Composition of Cremated Remains (Human Ashes)
|Composition of Cremated Remains (Human Ashes)|
After incineration cremation, human ashes can weigh 3 - 5 pounds depending on bone density.
Presently, "the physical state of cremation ash is predominately bone tissue in granular form, much like sand or a finely ground gravel. The composition is predominately calcium and phosphorus in the form of a highly stable compound known as rock phosphate (Ca3(PO4)2). All of the liquid and nitrogenous material escapes to the atmosphere in the high heat of cremation." Cremated remains are processed at such high temperatures that it makes them insoluble, so they are not in a transferable energy form that can be absorbed by plants.
When families plant a loved ones cremated ashes under a tree, or sprinkle the remains in a backyard garden, the intentions are for the remains to provide nourishment for the local plants and wildlife, theoretically releasing energy back into the natural cycle of life. Sadly, this is a misconception as cremated ashes from incineration, are not in a transferable energy form.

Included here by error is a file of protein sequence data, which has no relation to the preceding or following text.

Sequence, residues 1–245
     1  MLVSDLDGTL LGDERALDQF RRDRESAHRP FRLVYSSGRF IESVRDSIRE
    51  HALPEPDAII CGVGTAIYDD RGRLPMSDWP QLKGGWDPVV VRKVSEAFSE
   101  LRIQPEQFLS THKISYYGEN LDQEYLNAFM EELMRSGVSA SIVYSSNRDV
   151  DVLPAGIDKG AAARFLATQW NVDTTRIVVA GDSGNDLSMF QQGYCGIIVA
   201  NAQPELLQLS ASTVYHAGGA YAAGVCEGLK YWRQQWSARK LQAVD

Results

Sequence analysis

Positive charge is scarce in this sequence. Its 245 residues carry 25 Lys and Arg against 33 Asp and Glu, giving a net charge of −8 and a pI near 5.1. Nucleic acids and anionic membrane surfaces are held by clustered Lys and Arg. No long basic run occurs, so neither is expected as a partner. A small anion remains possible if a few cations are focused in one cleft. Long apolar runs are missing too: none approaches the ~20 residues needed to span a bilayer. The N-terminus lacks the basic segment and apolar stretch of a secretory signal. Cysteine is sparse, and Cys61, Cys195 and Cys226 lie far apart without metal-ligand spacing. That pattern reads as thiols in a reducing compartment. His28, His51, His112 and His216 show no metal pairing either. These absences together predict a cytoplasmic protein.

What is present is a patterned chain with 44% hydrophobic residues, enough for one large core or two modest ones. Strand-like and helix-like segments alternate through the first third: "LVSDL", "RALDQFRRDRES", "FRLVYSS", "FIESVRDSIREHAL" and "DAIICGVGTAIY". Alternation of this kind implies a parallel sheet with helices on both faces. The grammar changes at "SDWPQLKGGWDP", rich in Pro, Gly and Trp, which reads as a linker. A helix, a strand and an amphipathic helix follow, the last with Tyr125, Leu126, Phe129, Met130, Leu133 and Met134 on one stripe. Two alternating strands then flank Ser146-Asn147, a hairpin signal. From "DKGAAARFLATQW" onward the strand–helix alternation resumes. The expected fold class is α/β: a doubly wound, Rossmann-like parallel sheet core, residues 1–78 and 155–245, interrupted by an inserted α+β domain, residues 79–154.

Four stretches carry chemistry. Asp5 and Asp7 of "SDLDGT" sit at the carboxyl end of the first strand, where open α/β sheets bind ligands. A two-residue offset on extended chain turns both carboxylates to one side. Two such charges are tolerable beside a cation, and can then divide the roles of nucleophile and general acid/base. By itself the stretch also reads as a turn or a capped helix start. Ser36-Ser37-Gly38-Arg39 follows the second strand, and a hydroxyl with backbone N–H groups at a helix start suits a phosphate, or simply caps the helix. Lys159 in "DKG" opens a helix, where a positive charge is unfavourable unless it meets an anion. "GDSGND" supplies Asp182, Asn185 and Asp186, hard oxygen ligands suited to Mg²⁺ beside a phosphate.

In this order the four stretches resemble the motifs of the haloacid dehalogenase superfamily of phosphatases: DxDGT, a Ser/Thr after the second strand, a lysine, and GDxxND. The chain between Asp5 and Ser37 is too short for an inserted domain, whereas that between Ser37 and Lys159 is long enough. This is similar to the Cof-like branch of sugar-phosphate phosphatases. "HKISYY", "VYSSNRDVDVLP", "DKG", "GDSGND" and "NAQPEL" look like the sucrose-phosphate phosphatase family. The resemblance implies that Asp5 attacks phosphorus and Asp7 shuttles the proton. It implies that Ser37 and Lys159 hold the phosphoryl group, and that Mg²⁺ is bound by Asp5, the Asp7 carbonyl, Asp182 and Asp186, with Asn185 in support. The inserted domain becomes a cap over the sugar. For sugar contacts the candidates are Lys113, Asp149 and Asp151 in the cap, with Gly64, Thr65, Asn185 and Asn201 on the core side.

However, cremated remains from hydro cremation (alkaline hydrolysis) are capable of becoming a nutritional source for a plant. By mixing a solubilizer with soil, as a medium for growing a plant, the nutrients can be freed from the cremation ash for uptake and use by the plant, finding that EDTA (CiQHiON2O8) added to cremation ash, with or without citric acid (CoHsOvH20), can "free phosphate from its bond to calcium."
Ashes pose no threat to health or to the environment. In fact, cremated remains from hydro cremation are 100% sterile completely neutralized disease and pathogen free. The disposal of human ashes in rivers or streams has not been proven to negatively impact the environment. Ash scattering ceremonies do not require EPA (Environmental Protection Agency) approval.
If you want to be cremated, which would you choose: hydro cremation or incineration cremation? After cremation, do you wish to be put back into the cycle of life via scattering?